This 14-minute podcast divides flying faeries into three categories:
- Winged faeries and those that fly in their own form (not shapeshifters) and by their own power. These include flying fairies such as Tinkerbell, but also orbs that represent faeries.
- Faeries — such as Trows — that levitate, or fly on twigs, flower stems, and so on. Many of them use magick (magic) phrases, including “Horse & Hattock.”
- Faeries (or part-faeries) that are shapeshifters and take the form of birds or other flying creatures. These include the Swan Maidens, who may appear as birds or they may fly with the aid of a magical cloak of feathers.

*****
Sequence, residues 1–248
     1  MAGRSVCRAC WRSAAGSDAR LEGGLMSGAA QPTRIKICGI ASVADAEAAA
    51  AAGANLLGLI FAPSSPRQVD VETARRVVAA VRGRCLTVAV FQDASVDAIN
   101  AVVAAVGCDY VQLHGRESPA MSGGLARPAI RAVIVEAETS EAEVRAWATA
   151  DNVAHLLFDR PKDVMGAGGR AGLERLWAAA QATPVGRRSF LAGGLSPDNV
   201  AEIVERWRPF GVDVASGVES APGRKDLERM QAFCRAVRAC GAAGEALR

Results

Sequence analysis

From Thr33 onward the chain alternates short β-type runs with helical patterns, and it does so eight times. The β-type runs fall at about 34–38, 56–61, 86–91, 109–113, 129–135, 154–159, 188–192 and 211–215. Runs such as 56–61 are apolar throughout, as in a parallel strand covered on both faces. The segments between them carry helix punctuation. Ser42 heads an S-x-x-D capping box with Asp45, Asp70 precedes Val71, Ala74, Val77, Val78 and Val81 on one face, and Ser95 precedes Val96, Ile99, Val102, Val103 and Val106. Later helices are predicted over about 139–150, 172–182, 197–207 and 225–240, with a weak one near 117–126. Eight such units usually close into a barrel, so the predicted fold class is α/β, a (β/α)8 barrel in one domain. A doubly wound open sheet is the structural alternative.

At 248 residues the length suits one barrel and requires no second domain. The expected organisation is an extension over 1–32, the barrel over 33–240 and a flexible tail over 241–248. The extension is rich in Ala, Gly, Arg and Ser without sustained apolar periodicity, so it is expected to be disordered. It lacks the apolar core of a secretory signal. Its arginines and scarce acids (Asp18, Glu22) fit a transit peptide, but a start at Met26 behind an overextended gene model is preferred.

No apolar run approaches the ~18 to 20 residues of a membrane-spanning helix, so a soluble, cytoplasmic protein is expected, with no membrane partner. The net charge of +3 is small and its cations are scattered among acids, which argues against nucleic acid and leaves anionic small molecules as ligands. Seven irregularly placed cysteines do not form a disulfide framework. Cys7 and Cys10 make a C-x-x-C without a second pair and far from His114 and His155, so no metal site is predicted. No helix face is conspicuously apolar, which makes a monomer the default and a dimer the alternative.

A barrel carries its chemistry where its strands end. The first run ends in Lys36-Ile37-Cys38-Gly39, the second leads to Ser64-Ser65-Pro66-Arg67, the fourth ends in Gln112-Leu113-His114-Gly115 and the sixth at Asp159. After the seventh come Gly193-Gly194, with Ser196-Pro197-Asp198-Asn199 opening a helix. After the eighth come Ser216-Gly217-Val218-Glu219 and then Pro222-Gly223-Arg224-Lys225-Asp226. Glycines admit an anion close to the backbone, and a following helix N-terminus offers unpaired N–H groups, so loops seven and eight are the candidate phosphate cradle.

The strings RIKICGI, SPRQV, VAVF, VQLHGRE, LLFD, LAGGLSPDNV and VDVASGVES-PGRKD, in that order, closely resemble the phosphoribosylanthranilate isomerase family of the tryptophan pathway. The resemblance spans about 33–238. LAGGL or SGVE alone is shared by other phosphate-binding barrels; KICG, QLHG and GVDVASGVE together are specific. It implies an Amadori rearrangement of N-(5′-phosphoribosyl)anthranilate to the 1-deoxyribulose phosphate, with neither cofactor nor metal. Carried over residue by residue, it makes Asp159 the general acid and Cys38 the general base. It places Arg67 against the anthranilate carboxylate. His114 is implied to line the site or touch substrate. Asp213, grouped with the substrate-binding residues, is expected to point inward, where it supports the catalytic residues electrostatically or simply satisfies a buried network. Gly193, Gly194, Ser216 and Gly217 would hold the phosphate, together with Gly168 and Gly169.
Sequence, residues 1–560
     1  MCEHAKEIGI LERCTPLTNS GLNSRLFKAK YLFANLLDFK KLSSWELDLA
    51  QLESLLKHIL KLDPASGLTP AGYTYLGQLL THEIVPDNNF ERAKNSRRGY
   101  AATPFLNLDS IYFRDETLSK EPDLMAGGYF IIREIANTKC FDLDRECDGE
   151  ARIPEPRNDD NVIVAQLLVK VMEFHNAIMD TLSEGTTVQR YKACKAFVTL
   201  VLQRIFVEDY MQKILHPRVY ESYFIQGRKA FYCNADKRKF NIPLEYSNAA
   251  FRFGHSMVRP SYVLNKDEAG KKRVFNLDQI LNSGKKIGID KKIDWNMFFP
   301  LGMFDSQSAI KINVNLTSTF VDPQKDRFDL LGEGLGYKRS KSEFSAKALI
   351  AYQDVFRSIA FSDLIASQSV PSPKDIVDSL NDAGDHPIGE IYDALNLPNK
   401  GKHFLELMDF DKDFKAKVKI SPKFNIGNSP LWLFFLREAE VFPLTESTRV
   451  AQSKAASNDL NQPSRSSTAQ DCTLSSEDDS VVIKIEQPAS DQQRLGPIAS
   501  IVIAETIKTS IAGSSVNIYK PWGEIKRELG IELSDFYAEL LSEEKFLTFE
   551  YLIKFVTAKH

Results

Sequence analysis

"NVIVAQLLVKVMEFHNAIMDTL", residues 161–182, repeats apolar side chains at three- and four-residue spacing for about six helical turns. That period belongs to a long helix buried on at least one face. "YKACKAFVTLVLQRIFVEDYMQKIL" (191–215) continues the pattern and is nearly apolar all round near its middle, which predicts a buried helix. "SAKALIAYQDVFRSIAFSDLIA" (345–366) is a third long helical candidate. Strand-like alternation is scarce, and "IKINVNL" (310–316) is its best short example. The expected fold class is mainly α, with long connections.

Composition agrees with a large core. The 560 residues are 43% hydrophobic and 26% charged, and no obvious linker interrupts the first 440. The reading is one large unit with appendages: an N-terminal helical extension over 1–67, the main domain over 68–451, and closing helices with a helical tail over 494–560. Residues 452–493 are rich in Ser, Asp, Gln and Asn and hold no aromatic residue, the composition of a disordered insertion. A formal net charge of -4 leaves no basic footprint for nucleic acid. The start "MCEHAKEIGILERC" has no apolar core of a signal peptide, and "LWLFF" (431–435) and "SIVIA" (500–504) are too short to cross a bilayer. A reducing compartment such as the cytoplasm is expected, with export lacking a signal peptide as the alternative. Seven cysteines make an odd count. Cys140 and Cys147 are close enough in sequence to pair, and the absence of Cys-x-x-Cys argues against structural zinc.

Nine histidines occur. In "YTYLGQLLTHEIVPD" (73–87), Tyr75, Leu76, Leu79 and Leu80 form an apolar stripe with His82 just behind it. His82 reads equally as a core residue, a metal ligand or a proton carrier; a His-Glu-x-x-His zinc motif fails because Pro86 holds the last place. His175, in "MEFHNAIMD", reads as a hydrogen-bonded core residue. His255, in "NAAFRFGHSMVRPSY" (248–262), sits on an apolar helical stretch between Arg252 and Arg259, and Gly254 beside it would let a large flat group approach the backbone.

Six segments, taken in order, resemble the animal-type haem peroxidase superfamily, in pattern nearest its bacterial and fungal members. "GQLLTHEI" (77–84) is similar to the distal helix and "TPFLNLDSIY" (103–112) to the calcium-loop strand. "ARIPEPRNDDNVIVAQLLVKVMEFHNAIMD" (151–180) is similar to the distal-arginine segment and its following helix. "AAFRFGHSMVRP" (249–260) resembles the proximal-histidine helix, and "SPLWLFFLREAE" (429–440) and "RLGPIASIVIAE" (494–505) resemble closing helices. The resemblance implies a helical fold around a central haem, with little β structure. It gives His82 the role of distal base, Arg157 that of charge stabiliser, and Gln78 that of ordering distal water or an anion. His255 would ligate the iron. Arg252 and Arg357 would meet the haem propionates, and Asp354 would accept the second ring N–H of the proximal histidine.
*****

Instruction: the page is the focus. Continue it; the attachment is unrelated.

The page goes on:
Some creatures are not flying fairies, but may be confused with them. They include:
- Incubus and succubus
Flying fairies include flying pixies — or piskies (also called pigsies) — that appear as white moths around dusk.
Some faeries shapeshift into butterflies, and some may appear as flies.
Other faeries shapeshift from human-like form into birds. Earl Fitzgerald, the son of Aine (a faerie) and Gerald, Earl of Desmond, can appear as a goldfinch.
Similar stories appear in history and faerie lore from Siberia to the Dakotas.
If you’re interested in flying fairies (also spelled flying faries or flying faeries), and want more information about faeries, listen to this podcast.
The Moods of Man, written & orchestrated by James Underberg